Rents rose for the first time in three months in April, according to the latest Buy-to-Let Index from LSL Property Services.
Last month, the average rent in England and Wales rose by 0.5% to £709 per month. Despite the monthly rise, the rate of annual increase steadied with rents 2.4% higher than a year ago, compared to 2.7% in March.
Rents rose in seven regions of England and Wales on a monthly basis, with the North West and the East of England seeing the largest increases of 1.3% and 1.1% respectively. London’s rents rose by 0.7% in April, with the average standing at £1,032 pcm, 46% higher than the national average. Rents fell the most in Wales, where they decreased by 1.3% and the West Midlands, where they fell by 0.6% compared to March.
The largest annual rises were seen in London, where rents rose 4.5% in April. The next fastest growth was in the East of England and the South East where rents rose by 2.9% and 2.7% respectively. On an annual basis, rents have fallen in one region, dropping by 1.7% in the East Midlands.
David Brown, commercial director of LSL Property Services, said: “After absorbing the impact of the stamp-duty deadline on tenant demand, the rental market began to heat up in April. As fewer tenants rushed to leave the sector, competition for rental accommodation intensified, and rents rose correspondingly.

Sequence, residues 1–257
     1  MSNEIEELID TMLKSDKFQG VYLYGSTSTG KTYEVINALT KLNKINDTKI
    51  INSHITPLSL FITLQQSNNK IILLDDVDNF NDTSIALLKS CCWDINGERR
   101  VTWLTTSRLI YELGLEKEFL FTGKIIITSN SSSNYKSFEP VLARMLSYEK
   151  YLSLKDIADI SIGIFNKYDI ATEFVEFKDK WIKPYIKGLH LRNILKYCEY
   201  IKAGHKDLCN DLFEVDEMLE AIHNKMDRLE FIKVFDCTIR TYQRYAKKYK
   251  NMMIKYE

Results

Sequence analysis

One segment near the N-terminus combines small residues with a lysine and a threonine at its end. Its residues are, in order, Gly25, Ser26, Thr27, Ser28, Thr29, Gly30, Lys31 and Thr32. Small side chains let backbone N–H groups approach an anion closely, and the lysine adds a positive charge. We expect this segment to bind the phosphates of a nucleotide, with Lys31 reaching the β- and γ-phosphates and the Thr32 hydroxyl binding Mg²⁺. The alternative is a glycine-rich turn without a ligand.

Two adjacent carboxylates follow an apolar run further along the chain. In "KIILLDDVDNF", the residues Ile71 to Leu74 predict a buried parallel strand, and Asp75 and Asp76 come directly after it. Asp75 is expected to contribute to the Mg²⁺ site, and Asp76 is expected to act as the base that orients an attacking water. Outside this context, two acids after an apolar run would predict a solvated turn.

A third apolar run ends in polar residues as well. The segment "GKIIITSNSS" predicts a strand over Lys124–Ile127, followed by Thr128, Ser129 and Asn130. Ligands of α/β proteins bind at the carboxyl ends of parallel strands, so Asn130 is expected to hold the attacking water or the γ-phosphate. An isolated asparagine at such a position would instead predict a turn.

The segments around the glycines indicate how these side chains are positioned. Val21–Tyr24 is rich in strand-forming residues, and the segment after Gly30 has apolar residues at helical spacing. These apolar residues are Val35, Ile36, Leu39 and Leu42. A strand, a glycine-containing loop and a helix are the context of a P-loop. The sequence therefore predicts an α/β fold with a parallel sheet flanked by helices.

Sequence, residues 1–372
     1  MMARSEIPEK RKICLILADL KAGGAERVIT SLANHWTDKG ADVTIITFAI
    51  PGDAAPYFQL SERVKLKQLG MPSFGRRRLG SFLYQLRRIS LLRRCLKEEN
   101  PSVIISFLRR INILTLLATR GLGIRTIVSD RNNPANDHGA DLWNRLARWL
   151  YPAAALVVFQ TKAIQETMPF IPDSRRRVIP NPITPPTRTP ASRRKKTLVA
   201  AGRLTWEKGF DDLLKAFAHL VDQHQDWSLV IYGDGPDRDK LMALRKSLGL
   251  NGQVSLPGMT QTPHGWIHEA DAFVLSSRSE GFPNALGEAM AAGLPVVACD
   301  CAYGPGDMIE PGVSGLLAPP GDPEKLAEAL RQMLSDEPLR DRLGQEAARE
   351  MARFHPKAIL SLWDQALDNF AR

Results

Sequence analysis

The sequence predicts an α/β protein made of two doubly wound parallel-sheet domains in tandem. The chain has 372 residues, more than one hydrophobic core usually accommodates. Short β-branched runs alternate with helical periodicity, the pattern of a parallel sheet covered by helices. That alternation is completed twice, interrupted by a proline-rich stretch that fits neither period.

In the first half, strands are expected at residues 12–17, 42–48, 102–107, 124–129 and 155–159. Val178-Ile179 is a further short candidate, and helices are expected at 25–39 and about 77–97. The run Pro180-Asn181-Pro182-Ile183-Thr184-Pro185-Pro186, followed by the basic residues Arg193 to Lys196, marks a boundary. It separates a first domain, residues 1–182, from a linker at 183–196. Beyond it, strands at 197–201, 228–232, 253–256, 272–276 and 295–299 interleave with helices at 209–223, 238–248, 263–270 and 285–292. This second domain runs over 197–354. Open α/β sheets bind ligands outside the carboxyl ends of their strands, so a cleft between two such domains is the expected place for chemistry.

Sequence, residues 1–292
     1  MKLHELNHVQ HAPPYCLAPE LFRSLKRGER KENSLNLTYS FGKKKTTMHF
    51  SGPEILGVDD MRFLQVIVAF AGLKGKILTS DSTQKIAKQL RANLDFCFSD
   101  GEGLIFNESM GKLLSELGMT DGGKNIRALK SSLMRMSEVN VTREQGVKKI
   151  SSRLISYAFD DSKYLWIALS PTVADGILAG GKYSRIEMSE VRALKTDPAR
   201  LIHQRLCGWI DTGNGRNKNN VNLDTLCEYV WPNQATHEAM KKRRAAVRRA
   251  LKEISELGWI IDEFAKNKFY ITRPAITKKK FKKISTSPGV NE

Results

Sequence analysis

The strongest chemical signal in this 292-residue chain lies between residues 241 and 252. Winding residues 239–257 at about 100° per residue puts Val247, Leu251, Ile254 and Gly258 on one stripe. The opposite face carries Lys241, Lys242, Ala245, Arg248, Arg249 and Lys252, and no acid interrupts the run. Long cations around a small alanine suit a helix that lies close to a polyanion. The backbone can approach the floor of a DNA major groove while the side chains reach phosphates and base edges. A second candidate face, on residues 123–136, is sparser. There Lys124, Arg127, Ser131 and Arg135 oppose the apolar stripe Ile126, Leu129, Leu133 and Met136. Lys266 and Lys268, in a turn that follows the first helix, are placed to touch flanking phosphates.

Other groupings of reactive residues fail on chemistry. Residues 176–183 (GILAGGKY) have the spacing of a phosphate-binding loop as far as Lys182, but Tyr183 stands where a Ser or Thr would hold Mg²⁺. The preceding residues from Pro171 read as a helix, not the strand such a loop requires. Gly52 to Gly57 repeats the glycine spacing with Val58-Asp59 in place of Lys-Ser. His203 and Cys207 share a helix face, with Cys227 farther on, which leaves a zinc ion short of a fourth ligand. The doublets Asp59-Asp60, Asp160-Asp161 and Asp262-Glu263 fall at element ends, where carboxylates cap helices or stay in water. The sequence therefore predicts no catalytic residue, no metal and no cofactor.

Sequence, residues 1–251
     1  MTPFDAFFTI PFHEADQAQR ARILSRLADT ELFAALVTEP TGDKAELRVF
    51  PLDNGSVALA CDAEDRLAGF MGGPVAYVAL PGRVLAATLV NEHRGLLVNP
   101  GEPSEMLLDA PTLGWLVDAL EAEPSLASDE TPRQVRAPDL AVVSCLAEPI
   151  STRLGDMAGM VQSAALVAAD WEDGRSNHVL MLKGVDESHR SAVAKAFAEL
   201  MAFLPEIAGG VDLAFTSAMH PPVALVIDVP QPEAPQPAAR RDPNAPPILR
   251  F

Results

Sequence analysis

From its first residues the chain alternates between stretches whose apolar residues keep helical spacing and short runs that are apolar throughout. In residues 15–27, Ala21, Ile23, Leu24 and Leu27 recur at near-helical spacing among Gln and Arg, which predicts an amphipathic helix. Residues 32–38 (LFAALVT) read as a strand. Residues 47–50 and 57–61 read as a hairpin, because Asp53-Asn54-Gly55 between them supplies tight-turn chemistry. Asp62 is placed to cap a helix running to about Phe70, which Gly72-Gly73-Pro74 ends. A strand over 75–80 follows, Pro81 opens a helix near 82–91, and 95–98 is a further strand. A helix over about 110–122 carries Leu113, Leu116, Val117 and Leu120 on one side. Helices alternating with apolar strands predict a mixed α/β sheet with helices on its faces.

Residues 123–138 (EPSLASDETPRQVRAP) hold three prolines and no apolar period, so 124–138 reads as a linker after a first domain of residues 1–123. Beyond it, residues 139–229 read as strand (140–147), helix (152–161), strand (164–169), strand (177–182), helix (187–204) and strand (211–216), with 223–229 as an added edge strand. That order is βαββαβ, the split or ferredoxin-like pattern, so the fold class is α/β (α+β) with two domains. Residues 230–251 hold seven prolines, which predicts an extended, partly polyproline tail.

“Lenders are retreating from higher loan-to-value lending in light of rising funding costs and the economic outlook. On top of this, first-time buyers now must save for longer to pay for stamp duty – in addition to finding substantial deposits – making house purchase a more distant prospect for many tenants. As a result, tenant demand will only strengthen, providing impetus for rental inflation in the long-term.
“That said, future rises are likely to be tempered by affordability concerns, with landlords weighing up the prospect of empty properties or tenant arrears against significant rent hikes.”
Weakening house prices in April led to the total annual return on a rental property to dip to 3.4%, although they were 2.9% a year ago. This represents an average return of £5,589, with rental income of £7,624 and a capital loss of £2,035. The average yield on a rental property was 5.2%, compared to 5% a year ago.
Brown added: “Weakening property prices in the aftermath of the end of the stamp duty rush contributed to a dip in overall returns, with capital losses offsetting healthy growth in rental income. But the picture is varied across the country. For instance, steeper rental inflation and robust house prices in London means that the average landlord in the capital has seen returns of £11,215 in the last year in cash terms – double the national average.
“However it is the consistently strong yields – which compare favourably to savings rates and average dividend yields – that are drawing long-term investors to the market.”